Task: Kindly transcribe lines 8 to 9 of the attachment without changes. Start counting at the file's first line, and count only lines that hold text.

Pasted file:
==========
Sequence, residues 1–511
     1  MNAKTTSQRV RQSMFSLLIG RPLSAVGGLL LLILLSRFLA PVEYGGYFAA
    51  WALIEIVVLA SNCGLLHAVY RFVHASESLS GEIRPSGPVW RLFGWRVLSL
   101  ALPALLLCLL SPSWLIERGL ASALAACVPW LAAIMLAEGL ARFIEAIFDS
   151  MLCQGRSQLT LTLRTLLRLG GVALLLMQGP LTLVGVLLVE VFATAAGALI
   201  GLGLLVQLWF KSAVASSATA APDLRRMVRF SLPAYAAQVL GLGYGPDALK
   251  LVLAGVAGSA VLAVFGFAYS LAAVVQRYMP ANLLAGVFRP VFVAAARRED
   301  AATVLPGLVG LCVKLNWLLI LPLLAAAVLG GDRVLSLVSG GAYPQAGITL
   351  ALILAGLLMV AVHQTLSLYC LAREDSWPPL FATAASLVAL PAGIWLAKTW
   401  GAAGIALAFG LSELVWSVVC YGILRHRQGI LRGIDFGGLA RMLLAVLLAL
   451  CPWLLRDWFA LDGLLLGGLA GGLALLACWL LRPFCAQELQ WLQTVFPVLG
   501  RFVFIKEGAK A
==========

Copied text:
   301  AATVLPGLVG LCVKLNWLLI LPLLAAAVLG GDRVLSLVSG GAYPQAGITL
   351  ALILAGLLMV AVHQTLSLYC LAREDSWPPL FATAASLVAL PAGIWLAKTW